How to Install and Configure Nginx on CentOS 7

Nginx is a very popular web server due to its performance and ease of use. In this tutorial, we will walk you through the installation and basic configuration of Nginx on CentOS 7.

Installing Nginx

If you use a non-root user, then you must have sudo rights and to add to all the commands sudo in front of them.


To install Nginx, add the EPEL repository.


yum install epel-release -y


Now we will install Nginx, as well as the nano text editor for convenience.


yum install nginx nano -y


By default, Nginx is configured to work with both IPv4 and IPv6 addresses. If the last one is not configured on the server, as in my case, then the web server simply will not start. Therefore, we immediately go to the config:


nano /etc/nginx/nginx.conf


Find the next line and comment on it, that is, put a # sign at its beginning:


listen [::]:80 default_server;




# listen [::]:80 default_server;


Let’s save the file and check the config for errors:


nginx -t




nginx: the configuration file /etc/nginx/nginx.conf syntax is ok
nginx: configuration file /etc/nginx/nginx.conf test is successful


If your output looks different, then it says what errors need to be corrected in the config.


Now let’s start Nginx and add it to autorun.


systemctl enable --now nginx


If you are using Firewall, you need to add an allowing rule for the web server. Below is an example for Firewalld, enter the commands in sequence:


firewall-cmd --zone=public --permanent --add-service=http
firewall-cmd --zone=public --permanent --add-service=https
firewall-cmd --reload


Configuring the location of site files

By default, nginx displays an information page on the site. Let’s set up a different location for the site files and add our own page. First, let’s create the required directories.


mkdir -p /var/www/default


Now let’s create the page itself in a new folder:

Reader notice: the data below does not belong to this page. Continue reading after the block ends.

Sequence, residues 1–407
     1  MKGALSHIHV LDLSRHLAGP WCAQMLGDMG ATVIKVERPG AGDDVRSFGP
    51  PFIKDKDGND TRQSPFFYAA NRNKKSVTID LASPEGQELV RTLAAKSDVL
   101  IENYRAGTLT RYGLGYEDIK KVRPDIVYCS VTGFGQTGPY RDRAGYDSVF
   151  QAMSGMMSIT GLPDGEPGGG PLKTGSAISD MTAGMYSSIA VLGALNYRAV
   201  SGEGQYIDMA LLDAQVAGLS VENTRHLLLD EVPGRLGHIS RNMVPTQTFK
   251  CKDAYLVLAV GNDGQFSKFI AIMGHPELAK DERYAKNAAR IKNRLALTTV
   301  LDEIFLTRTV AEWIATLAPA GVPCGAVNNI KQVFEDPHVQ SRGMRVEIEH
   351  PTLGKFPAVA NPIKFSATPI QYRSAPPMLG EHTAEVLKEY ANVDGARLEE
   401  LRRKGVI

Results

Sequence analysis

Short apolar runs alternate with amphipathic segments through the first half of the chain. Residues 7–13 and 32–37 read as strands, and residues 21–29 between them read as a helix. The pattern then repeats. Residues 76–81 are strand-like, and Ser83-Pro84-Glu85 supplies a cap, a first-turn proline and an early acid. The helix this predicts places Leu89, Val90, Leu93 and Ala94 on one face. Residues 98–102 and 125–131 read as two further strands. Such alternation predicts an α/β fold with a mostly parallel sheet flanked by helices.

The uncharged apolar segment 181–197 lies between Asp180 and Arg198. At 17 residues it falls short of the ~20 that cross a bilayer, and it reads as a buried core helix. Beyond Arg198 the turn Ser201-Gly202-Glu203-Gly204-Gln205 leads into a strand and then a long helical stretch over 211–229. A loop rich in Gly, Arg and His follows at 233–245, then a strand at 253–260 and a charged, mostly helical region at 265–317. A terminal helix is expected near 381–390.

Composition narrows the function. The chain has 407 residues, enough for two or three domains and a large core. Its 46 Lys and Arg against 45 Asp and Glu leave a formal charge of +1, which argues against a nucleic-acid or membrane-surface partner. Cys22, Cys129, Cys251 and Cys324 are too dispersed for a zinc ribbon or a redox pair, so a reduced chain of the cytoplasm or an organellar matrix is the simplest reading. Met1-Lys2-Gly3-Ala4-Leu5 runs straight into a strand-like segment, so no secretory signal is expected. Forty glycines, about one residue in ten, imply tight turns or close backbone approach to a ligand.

nano /var/www/default/index.html


And add content to it, which can be anything. For example:


<h1>My first web page</h1>


Let’s set the owner of the directory and the file in it to the nginx user:


chown -R nginx:nginx /var/www/default/


We will use the virtual host already in the nginx configuration and replace the configuration for the location of the site files. To do this, open the nginx configuration:


nano /etc/nginx/nginx.conf


You need to find the server section, which starts with listen 80 default_server;, and in it the root parameter, which sets the path to the site files. Let’s replace it with the path /var/www/default/ we just created:


    server {
        listen       80 default_server;
#        listen       [::]:80 default_server;
        server_name  _;
        root         /var/www/default/;

Save the file and restart nginx.


systemctl restart nginx


Now, when accessing the server address from the browser window, you will see the contents of the newly created page.


PHP processing setup

To work with PHP, install php-fpm:


yum install php-fpm


Now let’s run it and add it to startup:


systemctl enable --now php-fpm


Add to the nginx configuration at the end of the same server section as before, settings for working with php-fpm:


nano /etc/nginx/nginx.conf


location ~ \.php$ {
try_files $uri =404;
fastcgi_index index.php;
fastcgi_param SCRIPT_FILENAME $document_root$fastcgi_script_name;
fastcgi_param SCRIPT_NAME $fastcgi_script_name;
fastcgi_buffer_size 128k;
fastcgi_buffers 256 16k;
fastcgi_busy_buffers_size 256k;
fastcgi_temp_file_write_size 256k;
include fastcgi_params;


Restart nginx:


systemctl restart nginx


Let’s create a file for testing php-fpm functionality:


echo "<!--?php phpinfo(); ?-->" > /var/www/default/info.php


Let’s open http://server-IP/info.php in the address bar of the browser and see information about PHP:



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